With all the technology associated with HDMI or other digital signal transmissions, many elusive terms come into play. One term that comes up frequently is EDID (Extended Display Identification Data). EDID is the information that the digital source and the digital display uses to work correctly with each other. To put it simply, EDID refers to the method your devices use to “talk to each other”.
1. What does EDID provide?
EDID sends and receives a tremendous amount of information that needs to be shared between the source and the display.
Here’s a breakdown of the major bits of information that EDID is sending and receiving:
- The display manufacturer & source manufacturer information including the serial numbers and date of manufacturing.
- The version and revision of the EDID data.
- Display Feature Data: This data will let the systems share whether the display unit will accept analog and/or digital inputs. The size of the display (horizontal and vertical), power capability, color space and timing.
- The RGB color space that is used by the display.
- Established; Video Resolutions
- Standard; Additional resolutions supported by the display.
- Detailed; Additional resolutions in detail
- Data extension that is designed to support the advanced capabilities for consumer devices incorporating HDMI.
2. So why do you need EDID?
If you want to see anything on your display and there is no EDID present, you will have no video or image present, either. The source will not send the signal if it does not have the basic information to lay it on top of. Think of it as building a house. You can’t start building a house until you have the foundation in place. EDID is your foundation that everything is built on top of.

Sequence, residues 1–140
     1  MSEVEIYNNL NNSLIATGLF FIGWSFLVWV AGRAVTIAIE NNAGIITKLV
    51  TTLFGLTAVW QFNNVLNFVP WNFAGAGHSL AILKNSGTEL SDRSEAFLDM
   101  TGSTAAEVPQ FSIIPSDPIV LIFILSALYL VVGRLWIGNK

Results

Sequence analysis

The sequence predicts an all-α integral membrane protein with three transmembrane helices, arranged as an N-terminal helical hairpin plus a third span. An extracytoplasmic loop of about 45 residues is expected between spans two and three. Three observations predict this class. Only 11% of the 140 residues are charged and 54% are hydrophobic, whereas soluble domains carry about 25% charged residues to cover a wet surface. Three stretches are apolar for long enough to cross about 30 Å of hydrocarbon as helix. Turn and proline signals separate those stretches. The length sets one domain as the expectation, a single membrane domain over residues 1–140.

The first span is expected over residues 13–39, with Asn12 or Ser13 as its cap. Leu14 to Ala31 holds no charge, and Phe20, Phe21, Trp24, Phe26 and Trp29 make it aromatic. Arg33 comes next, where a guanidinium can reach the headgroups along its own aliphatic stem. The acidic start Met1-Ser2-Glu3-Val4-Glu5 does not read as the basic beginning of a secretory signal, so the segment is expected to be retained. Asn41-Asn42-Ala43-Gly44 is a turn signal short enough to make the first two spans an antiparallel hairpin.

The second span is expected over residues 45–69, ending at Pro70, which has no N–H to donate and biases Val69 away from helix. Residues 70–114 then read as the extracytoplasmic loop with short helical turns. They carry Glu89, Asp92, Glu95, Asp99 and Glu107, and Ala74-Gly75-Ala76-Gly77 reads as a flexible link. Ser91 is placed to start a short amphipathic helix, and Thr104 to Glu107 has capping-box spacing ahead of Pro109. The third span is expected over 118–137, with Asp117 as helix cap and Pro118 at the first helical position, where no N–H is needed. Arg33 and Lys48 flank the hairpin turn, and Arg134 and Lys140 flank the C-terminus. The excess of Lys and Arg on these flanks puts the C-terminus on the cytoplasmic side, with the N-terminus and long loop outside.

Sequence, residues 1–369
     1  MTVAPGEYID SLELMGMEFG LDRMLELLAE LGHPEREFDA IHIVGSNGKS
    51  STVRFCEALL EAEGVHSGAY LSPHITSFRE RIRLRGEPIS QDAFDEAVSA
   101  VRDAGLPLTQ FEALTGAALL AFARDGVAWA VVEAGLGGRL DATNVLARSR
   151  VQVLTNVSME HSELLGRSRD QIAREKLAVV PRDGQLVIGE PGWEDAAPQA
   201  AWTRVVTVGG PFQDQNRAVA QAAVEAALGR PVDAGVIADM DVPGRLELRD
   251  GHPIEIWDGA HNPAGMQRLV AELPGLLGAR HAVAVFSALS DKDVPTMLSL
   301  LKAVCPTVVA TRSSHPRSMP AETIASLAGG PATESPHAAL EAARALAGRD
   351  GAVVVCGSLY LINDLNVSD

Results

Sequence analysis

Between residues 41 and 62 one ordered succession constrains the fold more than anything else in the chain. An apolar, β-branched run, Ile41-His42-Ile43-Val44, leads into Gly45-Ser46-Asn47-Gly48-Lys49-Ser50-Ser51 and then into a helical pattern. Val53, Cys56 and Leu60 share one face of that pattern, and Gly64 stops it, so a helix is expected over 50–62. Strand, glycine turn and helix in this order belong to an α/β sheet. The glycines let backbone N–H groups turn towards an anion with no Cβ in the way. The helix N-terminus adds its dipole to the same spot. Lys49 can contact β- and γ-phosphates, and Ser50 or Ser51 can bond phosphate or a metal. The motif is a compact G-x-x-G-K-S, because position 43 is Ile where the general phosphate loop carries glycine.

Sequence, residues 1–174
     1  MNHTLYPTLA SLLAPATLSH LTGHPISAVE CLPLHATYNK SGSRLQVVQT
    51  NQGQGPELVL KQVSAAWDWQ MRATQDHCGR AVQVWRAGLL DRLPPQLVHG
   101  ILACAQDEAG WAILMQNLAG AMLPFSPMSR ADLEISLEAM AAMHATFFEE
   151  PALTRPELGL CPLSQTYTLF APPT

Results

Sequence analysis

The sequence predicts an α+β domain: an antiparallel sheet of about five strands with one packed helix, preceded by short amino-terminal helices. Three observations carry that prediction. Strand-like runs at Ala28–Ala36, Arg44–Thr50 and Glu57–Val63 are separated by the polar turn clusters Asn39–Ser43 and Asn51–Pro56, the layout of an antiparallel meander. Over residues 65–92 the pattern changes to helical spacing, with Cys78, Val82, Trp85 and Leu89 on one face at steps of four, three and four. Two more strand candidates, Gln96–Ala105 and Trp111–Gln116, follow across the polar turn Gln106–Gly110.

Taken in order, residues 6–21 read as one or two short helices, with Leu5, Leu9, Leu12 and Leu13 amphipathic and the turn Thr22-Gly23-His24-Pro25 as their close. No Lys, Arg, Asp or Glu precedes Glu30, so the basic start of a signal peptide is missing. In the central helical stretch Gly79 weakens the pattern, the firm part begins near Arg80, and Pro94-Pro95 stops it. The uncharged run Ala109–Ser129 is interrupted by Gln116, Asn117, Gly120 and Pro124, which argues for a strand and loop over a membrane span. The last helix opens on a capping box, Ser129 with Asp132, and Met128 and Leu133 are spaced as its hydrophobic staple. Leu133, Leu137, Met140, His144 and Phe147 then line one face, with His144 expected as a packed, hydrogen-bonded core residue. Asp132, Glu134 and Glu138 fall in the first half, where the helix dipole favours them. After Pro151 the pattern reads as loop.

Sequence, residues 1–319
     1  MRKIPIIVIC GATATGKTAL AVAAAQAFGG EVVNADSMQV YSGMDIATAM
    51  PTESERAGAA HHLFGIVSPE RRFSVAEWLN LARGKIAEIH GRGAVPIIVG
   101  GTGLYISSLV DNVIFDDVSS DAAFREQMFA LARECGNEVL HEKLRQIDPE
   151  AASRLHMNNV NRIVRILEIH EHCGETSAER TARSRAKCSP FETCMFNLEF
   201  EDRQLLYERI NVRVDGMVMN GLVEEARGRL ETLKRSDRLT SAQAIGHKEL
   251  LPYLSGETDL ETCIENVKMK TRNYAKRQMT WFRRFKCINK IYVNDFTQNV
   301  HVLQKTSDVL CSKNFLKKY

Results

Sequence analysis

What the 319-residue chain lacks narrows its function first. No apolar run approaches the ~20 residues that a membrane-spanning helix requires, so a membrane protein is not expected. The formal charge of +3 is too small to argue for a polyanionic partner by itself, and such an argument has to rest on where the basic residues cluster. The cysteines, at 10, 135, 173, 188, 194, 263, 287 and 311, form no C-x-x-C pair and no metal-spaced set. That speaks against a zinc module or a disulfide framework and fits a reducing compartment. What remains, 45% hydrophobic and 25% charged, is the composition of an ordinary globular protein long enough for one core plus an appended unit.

3. What happens if I do not have an EDID going from one electronic device to the next?
Nothing. Without the required information sent via EDID, you will not have an output to the display and your screen will remain blank.
4. Can I trick the source or display to thinking there is EDID present?
Yes. But that requires the source, or an in-line device like a switcher, to produce the EDID signal required. Many higher-end processors will copy the EDID signal (or Keys) – so, when you are switching, the equipment does not go down for an extended period of time. By making copies of the EDID, the equipment does not have to re-establish the full connection so there is less downtime.
5. What is an EDID Detective/Selector/Generator?
An EDID detective uses generic EDID Keys, or allows you to record the EDID so your display sees that EDID information and everything flows through smoothly.
Comprehensive offers an EDID/CEC (CSP-HDEDID) selector designed to manipulate the EDID (Extended Display Identification Data) information to be provided to the source device so that it can recognize the capabilities of the connected display equipment and output the video/audio signal, accordingly. The Pro AV/IT HDMI EDID/CEC selector provides selections (SET Mode) of the major video/audio parameters including video resolution, video color depth, and audio format. It also has an EDID Bypass Mode (TV Mode) for comparison and verification.
Comprehensive’s Pro AV/IT HDMI EDID/CEC selector is perfect with Blu-Ray players, Set-Top Boxes, Home Theater, PCs and game consoles that connect to an HDMI display.
Posted by Martin Fensterstock